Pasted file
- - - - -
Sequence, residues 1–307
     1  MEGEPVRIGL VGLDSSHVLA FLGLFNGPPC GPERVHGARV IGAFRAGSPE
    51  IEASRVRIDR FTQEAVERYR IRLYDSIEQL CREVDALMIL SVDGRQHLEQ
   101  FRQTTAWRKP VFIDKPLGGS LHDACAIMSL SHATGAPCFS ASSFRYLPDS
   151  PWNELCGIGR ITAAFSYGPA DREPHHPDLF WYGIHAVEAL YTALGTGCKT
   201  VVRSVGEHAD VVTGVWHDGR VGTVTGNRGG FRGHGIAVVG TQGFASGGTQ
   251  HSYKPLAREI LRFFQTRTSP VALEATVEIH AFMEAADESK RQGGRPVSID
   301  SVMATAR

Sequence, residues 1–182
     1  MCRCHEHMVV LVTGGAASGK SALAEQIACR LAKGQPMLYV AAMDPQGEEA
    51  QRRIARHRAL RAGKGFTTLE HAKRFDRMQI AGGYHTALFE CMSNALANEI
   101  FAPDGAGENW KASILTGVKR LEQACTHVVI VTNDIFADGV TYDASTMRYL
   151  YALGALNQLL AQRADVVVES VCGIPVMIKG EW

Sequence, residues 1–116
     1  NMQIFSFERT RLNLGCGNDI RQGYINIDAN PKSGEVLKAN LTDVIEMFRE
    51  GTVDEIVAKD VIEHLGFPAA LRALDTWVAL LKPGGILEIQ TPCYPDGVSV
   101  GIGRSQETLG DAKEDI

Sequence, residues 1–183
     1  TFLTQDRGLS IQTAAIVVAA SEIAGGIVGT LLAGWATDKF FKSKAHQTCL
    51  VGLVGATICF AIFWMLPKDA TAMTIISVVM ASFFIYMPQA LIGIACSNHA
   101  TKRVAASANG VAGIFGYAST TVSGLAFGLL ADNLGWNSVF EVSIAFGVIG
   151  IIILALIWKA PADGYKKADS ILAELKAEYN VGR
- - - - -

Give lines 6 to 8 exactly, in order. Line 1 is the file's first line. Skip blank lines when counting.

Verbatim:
   201  VVRSVGEHAD VVTGVWHDGR VGTVTGNRGG FRGHGIAVVG TQGFASGGTQ
   251  HSYKPLAREI LRFFQTRTSP VALEATVEIH AFMEAADESK RQGGRPVSID
   301  SVMATAR